Diversify weed control strategy to control Palmer amaranth

Diversify weed control strategy to control Palmer amaranth

Researchers recently conducted three-year study on Palmer amaranth management.

Scientists with the University of Arkansas and the University of Western Australia recently conducted a three-year field experiment to determine the impact of in-crop herbicides and fall weed management practices on Palmer amaranth. Their results were published in the journal Weed Science.

Related: Palmer amaranth is most troublesome weed in U.S.

What did they compare?

Researchers compared glyphosate-only weed control with preemergence herbicides, a residual glufosinate applied postemergence, and a variety of harvest-time and post-harvest management options – used alone or in combination.

What were the harvest and post-harvest controls used?

An article published in the latest issue of the journal Weed Science shows that adopting harvest-time and post-harvest weed controls can reduce the prevalence of glyphosate-resistant Palmer amaranth.(Photo: Joseph M. DiTomaso/University of California-Davis/Bugwood.org)

The harvest-time and post-harvest controls included spreading crop residues or incorporating them into the soil, using cover crops, adopting windrowing with or without burning, and removing crop residues that contain weed seeds from the field.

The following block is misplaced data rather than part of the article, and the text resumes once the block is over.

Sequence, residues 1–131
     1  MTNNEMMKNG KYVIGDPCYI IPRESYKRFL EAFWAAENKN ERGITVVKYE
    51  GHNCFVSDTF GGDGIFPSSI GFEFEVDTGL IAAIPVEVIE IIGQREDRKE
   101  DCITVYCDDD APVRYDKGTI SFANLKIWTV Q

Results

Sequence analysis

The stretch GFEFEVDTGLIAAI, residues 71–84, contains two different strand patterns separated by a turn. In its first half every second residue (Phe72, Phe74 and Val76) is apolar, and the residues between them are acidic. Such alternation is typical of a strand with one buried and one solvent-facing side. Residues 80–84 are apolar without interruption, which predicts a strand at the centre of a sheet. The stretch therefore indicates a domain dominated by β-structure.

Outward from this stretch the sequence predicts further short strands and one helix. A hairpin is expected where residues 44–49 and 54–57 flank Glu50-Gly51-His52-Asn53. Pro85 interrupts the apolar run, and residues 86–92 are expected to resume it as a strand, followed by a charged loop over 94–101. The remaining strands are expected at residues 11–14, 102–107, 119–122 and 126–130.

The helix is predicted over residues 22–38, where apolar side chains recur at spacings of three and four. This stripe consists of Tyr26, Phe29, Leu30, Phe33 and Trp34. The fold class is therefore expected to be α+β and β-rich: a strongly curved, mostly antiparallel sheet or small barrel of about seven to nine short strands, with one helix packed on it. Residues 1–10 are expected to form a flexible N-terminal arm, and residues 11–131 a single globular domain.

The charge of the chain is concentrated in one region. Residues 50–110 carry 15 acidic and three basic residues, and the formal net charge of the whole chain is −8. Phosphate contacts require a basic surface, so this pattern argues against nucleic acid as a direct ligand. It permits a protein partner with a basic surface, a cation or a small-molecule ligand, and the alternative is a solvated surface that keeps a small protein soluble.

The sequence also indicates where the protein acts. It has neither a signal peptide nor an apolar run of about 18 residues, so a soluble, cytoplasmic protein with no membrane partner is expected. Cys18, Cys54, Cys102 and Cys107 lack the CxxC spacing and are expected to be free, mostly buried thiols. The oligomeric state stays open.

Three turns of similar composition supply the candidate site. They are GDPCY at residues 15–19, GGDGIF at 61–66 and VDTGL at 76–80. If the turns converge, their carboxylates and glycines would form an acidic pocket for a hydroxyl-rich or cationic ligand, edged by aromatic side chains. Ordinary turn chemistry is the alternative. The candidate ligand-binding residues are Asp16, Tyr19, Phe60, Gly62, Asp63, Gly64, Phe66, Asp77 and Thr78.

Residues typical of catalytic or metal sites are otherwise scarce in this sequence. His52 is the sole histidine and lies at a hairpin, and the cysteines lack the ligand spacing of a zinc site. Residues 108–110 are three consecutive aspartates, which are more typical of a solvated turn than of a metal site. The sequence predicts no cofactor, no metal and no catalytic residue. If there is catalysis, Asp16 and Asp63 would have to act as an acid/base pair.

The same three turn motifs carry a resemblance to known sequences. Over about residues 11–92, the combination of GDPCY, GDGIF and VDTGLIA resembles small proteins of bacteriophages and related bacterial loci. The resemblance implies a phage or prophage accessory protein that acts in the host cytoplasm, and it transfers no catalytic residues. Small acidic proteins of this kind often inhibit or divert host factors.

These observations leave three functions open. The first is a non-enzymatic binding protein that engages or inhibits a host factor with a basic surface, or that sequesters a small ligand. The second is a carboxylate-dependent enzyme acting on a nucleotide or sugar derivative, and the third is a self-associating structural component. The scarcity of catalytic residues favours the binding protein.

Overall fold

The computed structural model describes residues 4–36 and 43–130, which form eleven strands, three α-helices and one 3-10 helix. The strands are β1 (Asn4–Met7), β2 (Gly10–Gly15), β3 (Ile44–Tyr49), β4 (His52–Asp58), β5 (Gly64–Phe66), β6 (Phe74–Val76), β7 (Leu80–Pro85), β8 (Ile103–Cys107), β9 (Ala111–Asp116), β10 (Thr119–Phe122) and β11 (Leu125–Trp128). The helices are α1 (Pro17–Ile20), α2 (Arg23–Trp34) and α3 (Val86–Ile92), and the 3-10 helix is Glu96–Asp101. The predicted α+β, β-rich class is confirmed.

What did the study show?

The study showed that three controls in particular made a significant impact on the population density of Palmer amaranth – planting cover crops, removing crop residues and incorporating crop residues into the soil.  The effect of these fall controls on seed production, though, was inconsistent across the three years of the study.

Did preemergence herbicides make a difference?

When preemergence herbicides were added as part of an integrated control program, both Palmer amaranth population density and subsequent seed production were significantly reduced compared to a glyphosate-only program.  The glufosinate-containing residual herbicide program also proved to be superior to the glyphosate-containing residual program in reducing Palmer amaranth seed production.

“Our study shows that farmers diversifying their weed management program can reduce both the prevalence of resistant weeds and the size of the soil seedbank, which can extend the useful life of the herbicides they rely on for weed control,” says Nicholas Korres, Ph.D., of the University of Arkansas.

Related: Palmer amaranth time lapse videos stress early control

Where do you find more information?

Full text of the article “Integrating Herbicide Programs with Harvest Weed Seed Control and Other Fall Management Practices for the Control of Glyphosate-resistant Palmer amaranth” is now available in Weed Science Vol. 64, Issue 3, July-September, 2016. 

Source: Weed Science Society of America

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